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emac start up problem

9892 Views 21 Replies Latest reply: Oct 1, 2010 3:28 AM by kourtney13 RSS
  • roam Level 6 Level 6 (13,545 points)
    Currently Being Moderated
    Sep 1, 2010 1:03 AM (in response to kourtney13)
    Some updates can mess things up, but which and in what way is unpredictable.

    As you don't have your work backed up, now would be a good time to do this.
    Your videos, photos, music, your Mail folder located at

    and this little file,

    which holds your Mail account setup details. Restoring this file to the same place in a new installation will save you setting your Mail account up again from scratch.

    And anything else of yours you want to keep, of course.

    There is no need to keep applications, they can be reinstalled from the DVD and then updated later.

    Copying to a USB stick would be the easiest though expensive option. Also it would be good to have the USB stick formatted a Mac friendly format of HFS+. Disk Utility will do this.
    The alternative is burning to CD or DVD's.
    And while on the subject of your data, if the hard drive becomes too full this can lead to malfunction. Your eMac has either an 80 or a 160 GB hard disk which can fill up over time, especially if you save a lot of video.
    Determine how much free space you have. Either look at the bottom of an open Finder window, or do a Get Info after highlighting the hard disk are two ways to tell the space available. If you find that your disk is full up, copying out and then deleting those files (and emptying the trash) to make space would be worth pursuing.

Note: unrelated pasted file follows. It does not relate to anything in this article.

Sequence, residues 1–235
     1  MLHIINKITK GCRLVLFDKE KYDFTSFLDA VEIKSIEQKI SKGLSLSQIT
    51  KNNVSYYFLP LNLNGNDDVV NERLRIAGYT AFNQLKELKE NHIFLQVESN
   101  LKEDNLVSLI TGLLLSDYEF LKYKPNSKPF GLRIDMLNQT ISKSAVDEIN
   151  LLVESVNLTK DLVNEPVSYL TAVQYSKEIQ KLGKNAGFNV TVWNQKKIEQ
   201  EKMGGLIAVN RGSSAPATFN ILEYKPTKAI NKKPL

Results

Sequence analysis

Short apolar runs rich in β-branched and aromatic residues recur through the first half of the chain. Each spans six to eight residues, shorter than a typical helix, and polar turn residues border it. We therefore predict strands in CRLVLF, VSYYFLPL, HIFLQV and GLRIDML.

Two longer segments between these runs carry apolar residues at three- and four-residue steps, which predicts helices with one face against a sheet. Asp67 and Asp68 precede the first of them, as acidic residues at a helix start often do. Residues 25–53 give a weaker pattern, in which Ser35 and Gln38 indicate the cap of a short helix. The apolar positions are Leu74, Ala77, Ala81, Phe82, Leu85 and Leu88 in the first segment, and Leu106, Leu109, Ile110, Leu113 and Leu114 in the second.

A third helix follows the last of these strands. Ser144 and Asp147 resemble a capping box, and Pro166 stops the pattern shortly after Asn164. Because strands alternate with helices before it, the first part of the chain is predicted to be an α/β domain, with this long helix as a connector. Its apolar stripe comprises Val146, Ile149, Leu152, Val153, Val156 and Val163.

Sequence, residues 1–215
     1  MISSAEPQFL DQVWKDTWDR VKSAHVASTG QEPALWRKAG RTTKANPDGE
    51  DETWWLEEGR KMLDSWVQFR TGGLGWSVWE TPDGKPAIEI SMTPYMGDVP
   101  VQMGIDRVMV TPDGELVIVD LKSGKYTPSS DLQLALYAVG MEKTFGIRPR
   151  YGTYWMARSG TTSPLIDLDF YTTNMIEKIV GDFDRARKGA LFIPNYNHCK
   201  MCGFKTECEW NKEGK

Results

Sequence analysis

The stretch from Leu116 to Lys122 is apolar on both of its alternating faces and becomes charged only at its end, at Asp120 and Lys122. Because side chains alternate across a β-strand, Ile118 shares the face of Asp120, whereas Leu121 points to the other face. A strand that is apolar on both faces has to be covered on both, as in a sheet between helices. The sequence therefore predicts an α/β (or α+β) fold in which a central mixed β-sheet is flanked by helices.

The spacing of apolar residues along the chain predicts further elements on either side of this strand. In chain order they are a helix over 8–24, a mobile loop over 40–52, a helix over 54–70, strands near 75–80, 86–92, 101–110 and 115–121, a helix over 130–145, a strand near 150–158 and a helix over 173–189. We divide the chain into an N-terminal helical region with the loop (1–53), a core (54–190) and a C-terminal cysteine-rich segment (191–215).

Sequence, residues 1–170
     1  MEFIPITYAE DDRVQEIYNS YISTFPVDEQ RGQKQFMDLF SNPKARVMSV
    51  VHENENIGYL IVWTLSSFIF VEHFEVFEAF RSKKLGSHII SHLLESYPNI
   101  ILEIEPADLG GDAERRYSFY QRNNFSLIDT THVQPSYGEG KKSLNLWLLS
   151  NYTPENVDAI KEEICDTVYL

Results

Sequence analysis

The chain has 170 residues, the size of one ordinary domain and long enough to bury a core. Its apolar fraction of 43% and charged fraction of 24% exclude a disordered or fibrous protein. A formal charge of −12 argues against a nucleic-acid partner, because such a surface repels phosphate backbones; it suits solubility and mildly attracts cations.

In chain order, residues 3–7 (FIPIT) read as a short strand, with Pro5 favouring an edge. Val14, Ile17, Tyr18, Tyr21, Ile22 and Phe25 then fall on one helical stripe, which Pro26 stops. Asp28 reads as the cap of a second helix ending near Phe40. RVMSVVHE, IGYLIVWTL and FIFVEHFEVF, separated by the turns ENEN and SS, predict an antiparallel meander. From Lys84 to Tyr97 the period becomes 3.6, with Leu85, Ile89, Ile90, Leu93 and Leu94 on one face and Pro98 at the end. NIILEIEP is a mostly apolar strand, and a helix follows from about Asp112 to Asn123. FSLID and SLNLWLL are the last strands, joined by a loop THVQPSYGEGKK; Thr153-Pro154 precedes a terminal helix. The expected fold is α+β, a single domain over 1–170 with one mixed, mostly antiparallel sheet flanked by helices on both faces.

If lack of space is not a problem, then if you can satisfactorily copy all of your stuff onto external media, then you have the new option to Erase and Install.
    iMac (20" 08) eMac (ATI) iBook (G4) 10.3, Mac OS X (10.5.8)
  • roam Level 6 Level 6 (13,545 points)
    Currently Being Moderated
    Sep 1, 2010 6:46 PM (in response to kourtney13)
    would having space issues make it so my computer won't load??

    I'm not sure about that specifically, but in general it is something to avoid and worth paying attention to, even now.

    Why your Mac will load in Safe mode but not normally seems to be something to do with extra installed fonts, kernel extensions or startup items.
    Whilst obtuse the following link alludes to this.

    If it was me I would back up the data and do an erase and install. There is little other option really.
    iMac (20" 08) eMac (ATI) iBook (G4) 10.3, Mac OS X (10.5.8)
  • JMVP Level 6 Level 6 (16,840 points)
    Currently Being Moderated
    Sep 2, 2010 11:34 AM (in response to kourtney13)
    How much free space is there on the hard drive? Or more usefully, how much free space was there before you did the archive & install?

    If the system disk of a Unix-based computer, which includes Mac OS X, fills up past a certain point, it will block the computer from starting normally. (This is especially "fun" with a 6-foot tall SGI Irix server, but I digress.) The Unix OS requires scratch space on the hard drive for various logs and caches. I don't know if anyone ever determined an exact number for OS X, but if you drop below 500 MB or son free space on the hard drive, you'll end up in trouble.